As we continue to wait for full April data to shine a light on Coronavirus’ impact on our local real estate markets, I am sharing weekly real estate big-data that is useful.
Important News This Week
- According to Black Knight, a mortgage data and analytics firm, about 3.4 million borrowers are in forbearance. That represents about 6.4% of all mortgages outstanding.
- The Labor Department has now reported new unemployment filings over the past five weeks that have totaled more than 26 million.
- The Mortgage Bankers Association reported that California mortgage purchase applications are down over 40% compared to the same time last year.
- After I shared huge pending sales drops in the South Bay through the month of March compared to last year (i.e Redondo Beach down almost 80%), the numbers are getting better. They are still not great, but they do not look to be quite as bad as March’s numbers.
- In a weekly survey, 74% of agents said their clients have not reduced listing prices to attract buyers according to the National Association of Realtors (NAR).
- Congress passed a new $484 billion coronavirus relief bill of which $320 billion is intended for the Paycheck Protection Program to help small businesses.
Ugly News Comments
The ugly news is still very ugly.
It is a bit shocking that after what may only be one month of a job loss or no revenue for some individuals, that such a significant portion of mortgagees cannot pay just one month of a mortgage payment. These are not renters we are talking about, but homeowners who are supposed to be the strongest financially to weather tougher financial times.
My hope is that individuals with mortgages are using forbearance as an opportunity to conserve cash against worst case scenarios. And of course, I understand businesses like restaurants and gyms might be going negative if they continue to pay rent and staff, which is far worse than a paycheck going to zero.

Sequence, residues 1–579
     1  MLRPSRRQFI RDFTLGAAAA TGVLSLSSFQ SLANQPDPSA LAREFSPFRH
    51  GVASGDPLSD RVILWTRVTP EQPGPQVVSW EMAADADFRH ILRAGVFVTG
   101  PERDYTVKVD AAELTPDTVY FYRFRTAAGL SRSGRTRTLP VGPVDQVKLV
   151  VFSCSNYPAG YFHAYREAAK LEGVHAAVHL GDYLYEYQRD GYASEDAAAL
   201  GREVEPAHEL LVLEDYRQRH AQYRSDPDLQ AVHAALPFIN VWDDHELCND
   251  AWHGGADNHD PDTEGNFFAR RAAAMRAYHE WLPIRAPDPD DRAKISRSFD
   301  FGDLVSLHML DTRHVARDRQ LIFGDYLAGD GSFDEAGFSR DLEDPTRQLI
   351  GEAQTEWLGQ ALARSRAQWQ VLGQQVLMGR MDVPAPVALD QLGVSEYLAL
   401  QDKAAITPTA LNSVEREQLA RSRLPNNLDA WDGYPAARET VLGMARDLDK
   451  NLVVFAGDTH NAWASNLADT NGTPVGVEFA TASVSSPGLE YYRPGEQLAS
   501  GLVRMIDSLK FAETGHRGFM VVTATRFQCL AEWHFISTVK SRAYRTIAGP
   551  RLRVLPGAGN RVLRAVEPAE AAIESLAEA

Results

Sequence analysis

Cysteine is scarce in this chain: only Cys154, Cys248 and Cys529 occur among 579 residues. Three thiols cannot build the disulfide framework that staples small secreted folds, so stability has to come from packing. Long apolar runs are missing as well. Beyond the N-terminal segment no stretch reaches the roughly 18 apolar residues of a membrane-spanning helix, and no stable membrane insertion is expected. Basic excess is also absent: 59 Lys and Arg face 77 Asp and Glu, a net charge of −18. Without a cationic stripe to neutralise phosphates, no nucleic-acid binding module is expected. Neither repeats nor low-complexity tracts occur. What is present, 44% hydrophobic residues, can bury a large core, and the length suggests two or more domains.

Unemployment is still very bad. There were 8.8 million jobs lost during the entirety of the Great Recession. How many of the 26 million current losses are temporary? How many claims are from independent contractors? And, how many jobs have been saved thanks to the Paycheck Protection Program (PPP)?
Lastly, the MBA reports help measure demand. It is very easy to measure supply based on current listings, but this 40% drop in purchase applications shows how badly demand has been destroyed in our state.
Better News Comments
The better news offers small rays of positivity.
As April comes to an end, I am looking forward to seeing our local market home data compared to last year. In some light research, things don’t look to be as bad as they did in March. I don’t want to mislead you that things are good, but it looks like pending sales data could be “less bad.”
A bright spot is that if 74% of agent’s have their sellers holding firm, then that will help support market prices. I have seen this show before and based on how the Great Recession played out, there is only so long some owners can wait before cutting prices.
Last but not least, I hope the additional PPP funds are effective. If this can save jobs and keep businesses afloat, that means money for mortgage payments and rent, which in turn, helps to support the real estate market.